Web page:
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Admissions for Drug Treatment Up for Older Adults

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Substance Abuse and Mental Health Services Administration (SAMHSA)
U.S. Department of Health and Human Services
200 Independence Avenue, S.W.
Washington, D.C. 20201
www.samhsa.gov

Admissions for substance abuse treatment increased by 32 percent among older adults over the eight-year period 1995-2002, concludes a new study released today by the Substance Abuse and Mental Health Services Administration (SAMHSA).

The report, “Older Adults in Substance Abuse Treatment: Update”, found that the percent of older adults with opiates as their primary substance of abuse increased from 6.8 percent to 12 percent in this time period. Opiates include prescription pain medications and heroin. Opiates are the second most frequent reason for treatment admissions among older adults, after alcohol.

To counter the upward trend in the abuse of opiates, SAMHSA and the Food and Drug Administration (FDA) are sponsoring new advertisements to encourage older adults to “Do The Right Dose” when using prescription pain relievers.

“We are only beginning to realize the pervasiveness of substance abuse among older adults,” SAMHSA Administrator Charles Curie said. “We have made older adults a priority at SAMHSA and we are working to advance understanding of the relationship between aging and substance abuse, and to provide practical information for incorporating our understanding into treatment services. Through the materials we are releasing today, we are reaching out now to older adults to warn them that prescription pain relievers are safe and effective when used correctly, but could lead to abuse and addiction if misused.”

“FDA collaborated with SAMHSA to develop these public education materials because our agencies have a shared goal to communicate accurate health information on the proper use of prescription pain medications,” said FDA Deputy Commissioner for Operations Dr. Janet Woodcock. “While SAMHSA's data indicate significant growth in opiate abuse, we are just as concerned about those cases of addiction to pain medications that go underdiagnosed. We want to send a clear message to older adults that emphasizes the need to take pain relievers as directed.”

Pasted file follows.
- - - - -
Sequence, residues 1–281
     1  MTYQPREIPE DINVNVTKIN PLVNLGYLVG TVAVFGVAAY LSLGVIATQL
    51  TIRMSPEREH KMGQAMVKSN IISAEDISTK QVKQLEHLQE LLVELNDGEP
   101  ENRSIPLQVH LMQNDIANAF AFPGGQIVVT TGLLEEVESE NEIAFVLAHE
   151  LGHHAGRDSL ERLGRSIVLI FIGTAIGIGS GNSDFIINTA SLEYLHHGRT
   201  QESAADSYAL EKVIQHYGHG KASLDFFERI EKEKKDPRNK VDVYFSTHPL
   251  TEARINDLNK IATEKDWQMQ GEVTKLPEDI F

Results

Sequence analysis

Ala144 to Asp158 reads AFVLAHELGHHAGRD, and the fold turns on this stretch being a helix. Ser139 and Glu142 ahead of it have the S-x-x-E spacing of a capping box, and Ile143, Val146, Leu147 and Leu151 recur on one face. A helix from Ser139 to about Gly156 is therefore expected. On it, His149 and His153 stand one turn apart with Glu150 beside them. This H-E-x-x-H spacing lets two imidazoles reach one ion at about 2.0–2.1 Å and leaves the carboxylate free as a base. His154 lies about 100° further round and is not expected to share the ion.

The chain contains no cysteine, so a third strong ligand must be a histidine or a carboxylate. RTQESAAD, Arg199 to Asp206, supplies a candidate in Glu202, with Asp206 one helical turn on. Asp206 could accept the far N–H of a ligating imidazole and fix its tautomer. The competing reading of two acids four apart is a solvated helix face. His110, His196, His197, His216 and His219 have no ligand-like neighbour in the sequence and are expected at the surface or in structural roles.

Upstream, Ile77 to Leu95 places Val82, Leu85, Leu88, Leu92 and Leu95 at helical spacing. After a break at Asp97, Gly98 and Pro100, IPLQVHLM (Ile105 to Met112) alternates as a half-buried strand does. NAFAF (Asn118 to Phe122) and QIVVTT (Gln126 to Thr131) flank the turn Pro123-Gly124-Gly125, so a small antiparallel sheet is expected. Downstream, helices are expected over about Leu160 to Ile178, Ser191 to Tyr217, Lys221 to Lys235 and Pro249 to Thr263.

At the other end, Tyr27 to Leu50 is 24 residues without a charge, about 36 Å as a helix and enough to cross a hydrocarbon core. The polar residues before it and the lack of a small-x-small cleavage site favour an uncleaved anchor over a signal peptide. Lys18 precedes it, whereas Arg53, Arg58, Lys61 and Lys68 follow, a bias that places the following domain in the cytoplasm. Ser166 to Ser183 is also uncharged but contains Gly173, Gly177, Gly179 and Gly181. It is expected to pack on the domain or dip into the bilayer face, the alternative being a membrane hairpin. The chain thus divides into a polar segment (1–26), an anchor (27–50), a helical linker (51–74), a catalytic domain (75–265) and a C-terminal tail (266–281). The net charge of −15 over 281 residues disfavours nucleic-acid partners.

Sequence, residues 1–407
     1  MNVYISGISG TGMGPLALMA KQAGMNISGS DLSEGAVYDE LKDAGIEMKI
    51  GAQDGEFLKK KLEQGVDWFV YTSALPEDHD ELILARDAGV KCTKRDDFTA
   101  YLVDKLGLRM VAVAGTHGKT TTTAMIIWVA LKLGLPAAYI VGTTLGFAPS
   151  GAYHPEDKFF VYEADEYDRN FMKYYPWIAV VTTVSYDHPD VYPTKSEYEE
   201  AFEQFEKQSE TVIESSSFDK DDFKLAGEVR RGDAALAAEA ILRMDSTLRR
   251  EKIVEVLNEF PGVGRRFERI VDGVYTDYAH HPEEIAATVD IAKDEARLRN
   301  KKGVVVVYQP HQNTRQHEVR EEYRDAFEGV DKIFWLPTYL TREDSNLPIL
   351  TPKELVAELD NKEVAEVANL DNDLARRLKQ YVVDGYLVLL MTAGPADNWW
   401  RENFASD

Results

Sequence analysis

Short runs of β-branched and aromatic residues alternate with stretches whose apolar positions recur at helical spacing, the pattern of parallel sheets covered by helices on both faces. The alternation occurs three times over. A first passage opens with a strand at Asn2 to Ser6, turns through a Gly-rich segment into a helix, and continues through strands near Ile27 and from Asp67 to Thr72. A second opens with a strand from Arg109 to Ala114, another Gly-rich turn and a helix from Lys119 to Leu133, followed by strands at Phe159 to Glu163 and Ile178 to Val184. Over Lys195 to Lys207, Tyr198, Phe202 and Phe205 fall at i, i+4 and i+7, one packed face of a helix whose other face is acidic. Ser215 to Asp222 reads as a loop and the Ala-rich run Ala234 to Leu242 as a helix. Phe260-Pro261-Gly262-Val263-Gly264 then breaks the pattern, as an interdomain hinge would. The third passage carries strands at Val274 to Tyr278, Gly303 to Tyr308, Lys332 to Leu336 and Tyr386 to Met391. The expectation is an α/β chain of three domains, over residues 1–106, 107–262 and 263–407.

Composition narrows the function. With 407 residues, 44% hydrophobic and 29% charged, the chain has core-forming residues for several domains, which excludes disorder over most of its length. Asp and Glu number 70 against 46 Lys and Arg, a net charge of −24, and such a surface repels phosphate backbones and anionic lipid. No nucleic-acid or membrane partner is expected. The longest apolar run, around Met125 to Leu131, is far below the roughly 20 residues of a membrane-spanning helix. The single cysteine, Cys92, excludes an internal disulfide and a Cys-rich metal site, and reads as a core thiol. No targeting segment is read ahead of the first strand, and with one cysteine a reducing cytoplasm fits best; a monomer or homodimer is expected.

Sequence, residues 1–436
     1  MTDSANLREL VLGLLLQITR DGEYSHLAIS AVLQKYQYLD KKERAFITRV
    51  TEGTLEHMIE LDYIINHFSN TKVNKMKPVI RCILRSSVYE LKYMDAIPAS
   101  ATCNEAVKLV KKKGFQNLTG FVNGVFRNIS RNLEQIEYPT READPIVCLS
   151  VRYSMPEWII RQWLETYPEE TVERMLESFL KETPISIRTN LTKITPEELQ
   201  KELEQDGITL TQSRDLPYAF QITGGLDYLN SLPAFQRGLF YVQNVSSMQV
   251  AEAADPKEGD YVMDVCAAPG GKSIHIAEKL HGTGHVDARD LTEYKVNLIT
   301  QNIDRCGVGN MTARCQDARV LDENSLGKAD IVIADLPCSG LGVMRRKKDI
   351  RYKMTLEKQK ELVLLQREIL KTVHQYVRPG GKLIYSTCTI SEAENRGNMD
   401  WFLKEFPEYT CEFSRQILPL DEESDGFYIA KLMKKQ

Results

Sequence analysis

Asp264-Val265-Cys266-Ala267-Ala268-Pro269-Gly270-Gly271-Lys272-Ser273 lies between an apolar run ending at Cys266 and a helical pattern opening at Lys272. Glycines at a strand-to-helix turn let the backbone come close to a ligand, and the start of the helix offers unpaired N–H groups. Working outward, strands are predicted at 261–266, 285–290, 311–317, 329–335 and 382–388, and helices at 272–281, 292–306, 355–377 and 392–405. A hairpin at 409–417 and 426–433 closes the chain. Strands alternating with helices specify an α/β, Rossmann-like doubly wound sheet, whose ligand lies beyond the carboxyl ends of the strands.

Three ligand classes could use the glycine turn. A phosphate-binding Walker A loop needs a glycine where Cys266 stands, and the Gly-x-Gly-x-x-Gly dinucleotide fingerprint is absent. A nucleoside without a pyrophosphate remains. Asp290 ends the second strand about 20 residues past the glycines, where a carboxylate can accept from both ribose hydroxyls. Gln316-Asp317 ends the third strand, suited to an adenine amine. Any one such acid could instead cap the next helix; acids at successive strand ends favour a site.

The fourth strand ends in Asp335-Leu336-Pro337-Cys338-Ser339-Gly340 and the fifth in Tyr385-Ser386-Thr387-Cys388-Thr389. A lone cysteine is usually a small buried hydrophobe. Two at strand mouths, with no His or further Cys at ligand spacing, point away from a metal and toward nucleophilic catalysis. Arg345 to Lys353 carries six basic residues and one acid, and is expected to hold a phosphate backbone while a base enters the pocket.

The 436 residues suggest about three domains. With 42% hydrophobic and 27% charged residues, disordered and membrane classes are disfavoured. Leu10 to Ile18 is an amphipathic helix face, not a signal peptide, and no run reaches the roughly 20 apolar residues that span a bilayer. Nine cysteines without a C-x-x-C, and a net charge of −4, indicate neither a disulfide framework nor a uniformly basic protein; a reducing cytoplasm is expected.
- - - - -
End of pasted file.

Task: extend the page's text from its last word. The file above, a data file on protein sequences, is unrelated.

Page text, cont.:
The “Do The Right Dose” campaign includes two print ads, one television public service announcement, 2 radio public service announcements, two posters, and an update of SAMHSA's brochure “As You Age.” The campaign will strive to educate older adults that prescription pain medications are safe and effective when used correctly, but if misused, could lead to addiction or other problems.

Alcohol is still the primary substance of abuse among older adults, but the proportion of older admissions reporting alcohol as their primary substance declined from 86.5 percent in 1995 to 77.5 percent in 2002. Drug admissions among those ages 55 and older increased by 106 percent for men and 119 percent for women between 1995 and 2002.

The “Do The Right Dose” campaign also has the support of the Administration on Aging, which works to warn older adults that medicine must be taken appropriately and dosages cannot be altered by patients without consequences.

“The Administration on Aging (AoA) is proud of its collaboration with other federal agencies such as SAMHSA and FDA to help in providing older Americans with key information that will help them in their fight against substance abuse,” said Assistant Secretary Josefina G. Carbonell. “Educating older Americans about management of prescription drugs is a critical component in lowering substance abuse among our elders.”

The report is available on the web at www.oas.samhsa.gov/aging.htm. The “As You Age” brochure is available from SAMHSA's clearinghouse at 1-800-729-6686 or www.ncadi.samhsa.gov. The posters, print Public Service Announcements and other materials are on line at asyouage.samhsa.gov.

SAMHSA, a public health agency within the U.S. Department of Health and Human Services, is the lead federal agency for improving the quality and availability of substance abuse prevention, addiction treatment and mental health services in the United States.

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